A court in Jerusalem issued a landmark decision on Wednesday, ruling that women aboard airplanes cannot be asked by airline staff to change seats so ultra orthodox Jewish men can avoid sitting next to them, The New York Times reported. The ruling came in a lawsuit brought by 83-year-old Renee Rabinowitz, who, aboard a flight from Newark, New Jersey, to Tel Aviv in 2015, was asked by El Al flight staff to change seats so an ultra orthodox man wouldn’t have to sit next to her. Some strictly religious Jewish men, as a matter of policy, refuse to sit next to women they don’t know out of a fear that even incidental contact between himself and a strange woman would be indecent.
Rabinowitz reluctantly agreed to change seats during the 2015 incident, and she’s hardly the only woman who’s found herself in such an uncomfortable position. Indeed, the issue has been snowballing in recent years into an all-out war over how gender and religion clash in public spaces. Having felt “minimized” by the experience, Rabinowitz, who escaped the Nazis as a child, went on to become a prestigious attorney and earned a Ph.D. in educational psychology, dug in for a fight against the airline.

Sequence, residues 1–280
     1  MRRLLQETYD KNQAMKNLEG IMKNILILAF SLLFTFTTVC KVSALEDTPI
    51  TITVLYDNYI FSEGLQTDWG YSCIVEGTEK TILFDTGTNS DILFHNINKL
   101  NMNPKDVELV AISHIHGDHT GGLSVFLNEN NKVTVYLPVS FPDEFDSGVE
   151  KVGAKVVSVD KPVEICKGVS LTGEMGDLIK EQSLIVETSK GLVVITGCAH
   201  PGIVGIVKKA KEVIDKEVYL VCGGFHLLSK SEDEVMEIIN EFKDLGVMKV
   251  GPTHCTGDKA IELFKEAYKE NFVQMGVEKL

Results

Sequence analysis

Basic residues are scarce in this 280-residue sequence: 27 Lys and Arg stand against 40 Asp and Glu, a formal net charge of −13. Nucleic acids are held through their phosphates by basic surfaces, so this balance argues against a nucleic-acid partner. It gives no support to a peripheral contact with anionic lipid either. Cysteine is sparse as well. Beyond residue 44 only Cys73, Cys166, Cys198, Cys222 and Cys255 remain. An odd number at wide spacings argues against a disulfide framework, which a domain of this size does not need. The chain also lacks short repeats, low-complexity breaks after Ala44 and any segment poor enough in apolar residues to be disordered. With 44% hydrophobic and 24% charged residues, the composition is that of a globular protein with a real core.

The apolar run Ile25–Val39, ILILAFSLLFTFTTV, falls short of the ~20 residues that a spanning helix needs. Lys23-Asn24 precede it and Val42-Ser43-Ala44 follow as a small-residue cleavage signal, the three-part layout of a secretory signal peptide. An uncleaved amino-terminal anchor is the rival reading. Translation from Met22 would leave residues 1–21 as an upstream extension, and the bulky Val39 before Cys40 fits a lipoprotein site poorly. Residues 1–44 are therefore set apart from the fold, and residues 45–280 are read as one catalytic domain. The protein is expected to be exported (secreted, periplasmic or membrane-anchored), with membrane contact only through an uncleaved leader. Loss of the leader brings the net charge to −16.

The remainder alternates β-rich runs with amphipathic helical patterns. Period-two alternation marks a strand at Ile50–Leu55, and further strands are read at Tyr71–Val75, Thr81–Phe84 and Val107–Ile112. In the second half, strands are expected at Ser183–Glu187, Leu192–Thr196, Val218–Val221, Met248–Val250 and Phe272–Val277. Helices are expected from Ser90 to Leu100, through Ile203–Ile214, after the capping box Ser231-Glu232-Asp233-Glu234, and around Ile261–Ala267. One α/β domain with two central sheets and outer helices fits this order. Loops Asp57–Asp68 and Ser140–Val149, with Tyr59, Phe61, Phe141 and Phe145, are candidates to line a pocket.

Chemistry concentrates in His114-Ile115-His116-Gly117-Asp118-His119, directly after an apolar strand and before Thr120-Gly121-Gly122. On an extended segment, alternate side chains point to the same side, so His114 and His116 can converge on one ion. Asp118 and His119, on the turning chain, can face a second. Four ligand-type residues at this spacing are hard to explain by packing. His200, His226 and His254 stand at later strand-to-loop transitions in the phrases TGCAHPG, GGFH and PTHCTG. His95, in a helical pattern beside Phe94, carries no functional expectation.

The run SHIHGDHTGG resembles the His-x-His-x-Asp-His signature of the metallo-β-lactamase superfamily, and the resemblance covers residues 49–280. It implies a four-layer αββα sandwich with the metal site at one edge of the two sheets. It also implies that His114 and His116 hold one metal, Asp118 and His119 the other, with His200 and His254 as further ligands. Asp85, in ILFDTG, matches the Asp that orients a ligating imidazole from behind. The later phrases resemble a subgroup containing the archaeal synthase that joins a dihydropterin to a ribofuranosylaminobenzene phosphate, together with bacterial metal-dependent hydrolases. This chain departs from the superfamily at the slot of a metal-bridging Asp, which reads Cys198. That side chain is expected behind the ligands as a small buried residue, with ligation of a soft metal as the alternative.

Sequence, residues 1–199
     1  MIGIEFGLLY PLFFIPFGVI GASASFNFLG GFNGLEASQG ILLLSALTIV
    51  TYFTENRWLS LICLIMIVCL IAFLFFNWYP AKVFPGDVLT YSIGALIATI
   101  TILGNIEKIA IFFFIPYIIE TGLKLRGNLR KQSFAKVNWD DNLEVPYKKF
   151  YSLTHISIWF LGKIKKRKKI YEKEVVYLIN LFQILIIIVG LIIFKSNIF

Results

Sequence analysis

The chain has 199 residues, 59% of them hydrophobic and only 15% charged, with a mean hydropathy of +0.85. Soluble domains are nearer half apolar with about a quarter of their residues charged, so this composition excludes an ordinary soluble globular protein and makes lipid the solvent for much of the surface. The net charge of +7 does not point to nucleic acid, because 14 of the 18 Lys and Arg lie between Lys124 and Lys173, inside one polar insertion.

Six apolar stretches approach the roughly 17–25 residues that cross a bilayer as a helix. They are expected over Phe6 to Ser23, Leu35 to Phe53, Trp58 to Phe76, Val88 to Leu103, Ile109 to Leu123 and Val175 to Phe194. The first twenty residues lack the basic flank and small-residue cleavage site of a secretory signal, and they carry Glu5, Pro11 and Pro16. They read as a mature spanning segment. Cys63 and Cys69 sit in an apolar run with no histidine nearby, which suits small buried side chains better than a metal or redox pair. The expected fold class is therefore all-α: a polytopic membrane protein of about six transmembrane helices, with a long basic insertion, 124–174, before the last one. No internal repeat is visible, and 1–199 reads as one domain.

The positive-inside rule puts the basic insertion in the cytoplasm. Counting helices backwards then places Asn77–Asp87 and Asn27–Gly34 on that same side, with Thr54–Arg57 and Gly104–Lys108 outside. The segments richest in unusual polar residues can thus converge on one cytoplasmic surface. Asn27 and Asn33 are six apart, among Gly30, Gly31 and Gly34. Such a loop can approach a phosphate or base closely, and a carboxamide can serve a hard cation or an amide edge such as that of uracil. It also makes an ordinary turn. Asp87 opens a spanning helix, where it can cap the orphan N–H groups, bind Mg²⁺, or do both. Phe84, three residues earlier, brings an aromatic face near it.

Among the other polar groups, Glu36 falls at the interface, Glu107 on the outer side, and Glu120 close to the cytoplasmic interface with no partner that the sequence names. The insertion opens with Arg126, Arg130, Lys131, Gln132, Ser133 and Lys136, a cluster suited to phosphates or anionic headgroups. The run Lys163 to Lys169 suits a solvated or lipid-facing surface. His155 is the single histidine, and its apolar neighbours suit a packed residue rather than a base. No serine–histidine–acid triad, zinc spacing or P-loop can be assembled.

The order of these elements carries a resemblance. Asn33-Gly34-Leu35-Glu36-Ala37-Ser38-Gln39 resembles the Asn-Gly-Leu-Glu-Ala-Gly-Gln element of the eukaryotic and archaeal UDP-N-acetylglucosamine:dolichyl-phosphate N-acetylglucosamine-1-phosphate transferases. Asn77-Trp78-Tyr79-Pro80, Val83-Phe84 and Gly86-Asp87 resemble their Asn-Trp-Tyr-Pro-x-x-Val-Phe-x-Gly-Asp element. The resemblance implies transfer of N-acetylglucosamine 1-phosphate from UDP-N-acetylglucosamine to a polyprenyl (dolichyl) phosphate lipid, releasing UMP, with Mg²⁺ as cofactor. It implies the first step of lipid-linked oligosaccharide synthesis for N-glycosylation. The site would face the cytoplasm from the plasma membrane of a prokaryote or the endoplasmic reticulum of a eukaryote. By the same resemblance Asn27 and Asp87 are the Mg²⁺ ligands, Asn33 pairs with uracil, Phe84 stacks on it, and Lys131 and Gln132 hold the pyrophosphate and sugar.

With Wednesday’s ruling, Rabinowitz said she felt a sense of vindication. Monetary damages — Rabinowitz was awarded $1,800 — were not her motivation in filing the lawsuit, she said, adding that she had praise for the female judge who presided over the case.
“I was sitting in a bible class, which wasn’t so great for the teacher because my phone kept ringing,” Rabinowitz said. “Anyway, I’m thrilled because the judge understood the issue. She realized it is not a question of money. They awarded a very small sum. She realized it’s a matter of El Al changing its policy, which they have been ordered to do.”
For its part, El Al denied it had acted in a discriminatory manner and actually has mounted a rather reasonable argument about how this outcome could complicate the airline’s customer service efforts.
Read the full story at The New York Times.